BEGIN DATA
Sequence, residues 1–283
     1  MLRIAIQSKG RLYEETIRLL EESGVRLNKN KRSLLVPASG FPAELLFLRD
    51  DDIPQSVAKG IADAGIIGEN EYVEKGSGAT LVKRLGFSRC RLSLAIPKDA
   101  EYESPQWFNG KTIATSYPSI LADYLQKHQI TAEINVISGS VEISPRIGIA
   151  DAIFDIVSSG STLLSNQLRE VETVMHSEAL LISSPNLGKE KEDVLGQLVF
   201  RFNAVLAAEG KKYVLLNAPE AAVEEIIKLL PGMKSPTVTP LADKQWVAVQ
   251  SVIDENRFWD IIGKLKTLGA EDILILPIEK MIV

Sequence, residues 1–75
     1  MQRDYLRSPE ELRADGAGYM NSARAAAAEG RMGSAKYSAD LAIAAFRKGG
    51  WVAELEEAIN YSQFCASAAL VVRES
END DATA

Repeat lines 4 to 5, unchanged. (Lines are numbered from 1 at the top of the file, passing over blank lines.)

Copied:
   101  EYESPQWFNG KTIATSYPSI LADYLQKHQI TAEINVISGS VEISPRIGIA
   151  DAIFDIVSSG STLLSNQLRE VETVMHSEAL LISSPNLGKE KEDVLGQLVF